Jan 31, 2024 - Politics & Policy

Scoop: Congress tries to address surge of swatting incidents

Capitol Police officer against the backdrop of the Capitol dome.

A Capitol Police officer near the U.S. Capitol on Jan. 10, 2024. Photo: Graeme Sloan/Bloomberg via Getty Images.

The House's top security official is taking notice of a series of recent swatting incidents targeting member of Congress, offering new guidance to their families and offices on how to address them, Axios has learned.

Why it matters: Letters like this are rare – several aides and members of Congress told Axios they have never seen a communication from the sergeant at arms to a congressional spouse — reflecting heightened fears around member safety.

  • Sources told Axios that the recent swatting incidents have members and their families particularly on edge.

Driving the news: Just in the past week, House Majority Whip Tom Emmer (R-Minn.) and Rep. Shontel Brown (D-Ohio) have said police were sent to their homes in apparent hoaxes.

What they're saying: In a letter addressed to congressional spouses, a copy of which was obtained by Axios, House Sergeant at Arms William McFarland wrote that there has been an "increased number" of swatting incidents at members' personal residences.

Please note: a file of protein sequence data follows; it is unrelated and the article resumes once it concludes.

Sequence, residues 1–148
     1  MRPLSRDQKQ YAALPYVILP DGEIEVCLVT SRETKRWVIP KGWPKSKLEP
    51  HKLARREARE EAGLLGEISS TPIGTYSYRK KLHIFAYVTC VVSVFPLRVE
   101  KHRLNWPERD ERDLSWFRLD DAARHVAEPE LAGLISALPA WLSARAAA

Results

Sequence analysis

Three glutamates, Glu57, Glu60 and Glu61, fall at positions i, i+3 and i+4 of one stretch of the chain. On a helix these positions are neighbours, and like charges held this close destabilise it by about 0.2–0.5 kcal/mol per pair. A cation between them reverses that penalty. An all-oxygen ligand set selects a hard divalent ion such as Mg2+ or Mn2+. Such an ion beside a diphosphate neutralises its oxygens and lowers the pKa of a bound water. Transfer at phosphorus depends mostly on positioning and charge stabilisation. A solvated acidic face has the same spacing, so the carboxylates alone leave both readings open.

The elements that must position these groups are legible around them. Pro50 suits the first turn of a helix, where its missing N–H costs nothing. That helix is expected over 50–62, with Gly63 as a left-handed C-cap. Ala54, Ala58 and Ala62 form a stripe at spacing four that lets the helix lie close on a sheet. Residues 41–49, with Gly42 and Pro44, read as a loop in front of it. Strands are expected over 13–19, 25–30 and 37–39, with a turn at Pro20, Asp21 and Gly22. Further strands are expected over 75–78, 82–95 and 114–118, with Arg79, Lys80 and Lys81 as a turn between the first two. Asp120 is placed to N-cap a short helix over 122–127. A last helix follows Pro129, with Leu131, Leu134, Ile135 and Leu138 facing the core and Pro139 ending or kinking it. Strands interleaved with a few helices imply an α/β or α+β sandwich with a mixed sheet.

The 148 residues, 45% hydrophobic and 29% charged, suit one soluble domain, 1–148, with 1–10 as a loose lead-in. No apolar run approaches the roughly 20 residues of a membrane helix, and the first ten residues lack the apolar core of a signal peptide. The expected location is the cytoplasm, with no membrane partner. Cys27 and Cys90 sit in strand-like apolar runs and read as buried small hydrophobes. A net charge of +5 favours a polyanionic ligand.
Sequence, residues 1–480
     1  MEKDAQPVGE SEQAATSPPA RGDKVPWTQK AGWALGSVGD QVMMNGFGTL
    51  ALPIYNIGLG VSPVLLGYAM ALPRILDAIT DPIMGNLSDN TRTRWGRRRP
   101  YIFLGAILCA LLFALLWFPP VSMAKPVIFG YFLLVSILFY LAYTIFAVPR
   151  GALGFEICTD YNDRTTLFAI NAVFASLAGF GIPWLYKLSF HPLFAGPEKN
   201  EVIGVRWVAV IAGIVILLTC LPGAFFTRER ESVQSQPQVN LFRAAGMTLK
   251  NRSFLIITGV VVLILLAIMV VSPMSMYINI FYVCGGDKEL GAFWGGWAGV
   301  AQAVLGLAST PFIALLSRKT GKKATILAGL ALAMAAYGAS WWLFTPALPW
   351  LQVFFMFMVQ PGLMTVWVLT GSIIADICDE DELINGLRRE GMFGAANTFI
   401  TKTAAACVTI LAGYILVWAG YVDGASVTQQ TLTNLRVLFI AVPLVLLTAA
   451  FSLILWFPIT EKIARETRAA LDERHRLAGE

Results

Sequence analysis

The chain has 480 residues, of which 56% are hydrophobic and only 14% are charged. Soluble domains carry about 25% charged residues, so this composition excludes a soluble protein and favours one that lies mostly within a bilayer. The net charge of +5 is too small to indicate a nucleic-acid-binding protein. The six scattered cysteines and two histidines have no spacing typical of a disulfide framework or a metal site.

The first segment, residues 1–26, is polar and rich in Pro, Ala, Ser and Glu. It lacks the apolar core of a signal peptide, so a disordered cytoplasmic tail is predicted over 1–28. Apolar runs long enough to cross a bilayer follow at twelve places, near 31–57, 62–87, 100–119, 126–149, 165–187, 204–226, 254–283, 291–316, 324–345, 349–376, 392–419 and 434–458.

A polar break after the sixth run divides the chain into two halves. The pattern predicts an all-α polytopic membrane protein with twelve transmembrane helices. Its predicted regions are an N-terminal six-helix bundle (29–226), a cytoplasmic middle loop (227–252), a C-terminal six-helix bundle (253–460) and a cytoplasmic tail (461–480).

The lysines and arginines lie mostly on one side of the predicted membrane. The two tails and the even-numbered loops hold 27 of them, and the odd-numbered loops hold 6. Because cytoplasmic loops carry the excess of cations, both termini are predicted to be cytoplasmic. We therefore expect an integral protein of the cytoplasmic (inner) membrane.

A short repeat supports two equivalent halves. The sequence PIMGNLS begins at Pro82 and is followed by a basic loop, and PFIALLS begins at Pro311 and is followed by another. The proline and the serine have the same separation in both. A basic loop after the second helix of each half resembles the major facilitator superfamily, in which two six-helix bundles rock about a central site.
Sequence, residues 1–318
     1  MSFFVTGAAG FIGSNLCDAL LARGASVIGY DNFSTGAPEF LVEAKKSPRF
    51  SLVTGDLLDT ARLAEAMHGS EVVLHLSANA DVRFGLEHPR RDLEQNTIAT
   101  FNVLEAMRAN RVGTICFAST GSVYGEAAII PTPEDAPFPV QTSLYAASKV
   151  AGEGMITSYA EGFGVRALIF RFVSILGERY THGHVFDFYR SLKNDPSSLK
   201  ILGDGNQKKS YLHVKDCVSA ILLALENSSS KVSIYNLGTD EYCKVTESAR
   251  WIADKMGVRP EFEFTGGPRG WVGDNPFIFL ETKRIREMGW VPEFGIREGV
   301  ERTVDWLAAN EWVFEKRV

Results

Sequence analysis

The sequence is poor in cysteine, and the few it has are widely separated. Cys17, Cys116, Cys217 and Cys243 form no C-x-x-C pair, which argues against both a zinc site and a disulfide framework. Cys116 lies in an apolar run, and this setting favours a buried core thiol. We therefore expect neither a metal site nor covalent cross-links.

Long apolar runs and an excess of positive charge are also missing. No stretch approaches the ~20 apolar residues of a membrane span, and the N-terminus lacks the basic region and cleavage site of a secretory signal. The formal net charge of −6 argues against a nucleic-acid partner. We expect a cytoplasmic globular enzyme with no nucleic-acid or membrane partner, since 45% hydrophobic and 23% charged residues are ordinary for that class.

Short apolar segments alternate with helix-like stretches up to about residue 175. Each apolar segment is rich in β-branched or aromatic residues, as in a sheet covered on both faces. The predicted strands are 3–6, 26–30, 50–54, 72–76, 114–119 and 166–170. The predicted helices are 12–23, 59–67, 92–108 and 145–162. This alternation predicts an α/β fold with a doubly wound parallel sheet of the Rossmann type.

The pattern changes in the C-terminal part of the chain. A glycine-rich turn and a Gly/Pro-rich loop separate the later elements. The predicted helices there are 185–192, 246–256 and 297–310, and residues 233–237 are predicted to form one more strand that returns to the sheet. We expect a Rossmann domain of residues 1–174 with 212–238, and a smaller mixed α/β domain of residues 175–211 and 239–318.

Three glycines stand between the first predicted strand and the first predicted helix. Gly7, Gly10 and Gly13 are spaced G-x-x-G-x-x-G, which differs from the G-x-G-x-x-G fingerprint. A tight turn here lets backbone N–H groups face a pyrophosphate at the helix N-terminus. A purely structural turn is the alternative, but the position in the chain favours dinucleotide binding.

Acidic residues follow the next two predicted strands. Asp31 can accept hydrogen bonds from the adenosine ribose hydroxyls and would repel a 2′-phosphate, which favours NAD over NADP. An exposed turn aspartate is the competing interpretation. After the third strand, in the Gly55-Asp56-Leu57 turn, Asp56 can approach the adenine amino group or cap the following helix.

• McFarland said his office "will be planning a virtual conference to discuss swatting with congressional staff," and – at upcoming party retreats – he will "personally be on hand" to discuss security matters with spouses.
  • The letter, which was also sent to congressional offices, offered tips for preparing for swatting incidents, including creating a plan with U.S. Capitol Police, signing up for the sergeant at arms' residential and cyber security programs and making contact with local law enforcement.

Zoom in: Swatting, McFarland wrote, "typically involves an unknown call placed to 9-1-1 claiming that there is an ongoing emergency, or a violent crime that has occurred."

  • "In a swatting call, the caller falsely claims that they are a Member or associated with the Member and provides the Member's home address."
  • The goal of such calls, he said, is to "initiate an emergency response, such as a SWAT team responding to the Member residence, creating a tense and volatile situation."

The backdrop: In addition to Emmer and Brown, multiple lawmakers said they were the target of swatting calls over the holidays.

  • "[W]hile at dinner with my wife, cowards 'swatted' my home in Naples," Sen. Rick Scott (R-Fla.) said on X. "These criminals wasted the time & resources of our law enforcement in a sick attempt to terrorize my family."
  • Reps. Brandon Williams (R-N.Y.) and Marjorie Taylor Greene (R-Ga.) said they were also swatted.

The big picture: The incidents come amid a broader spike in threats towards members of Congress since 2016, as well as lingering security fears from the Jan. 6 attack on the Capitol.

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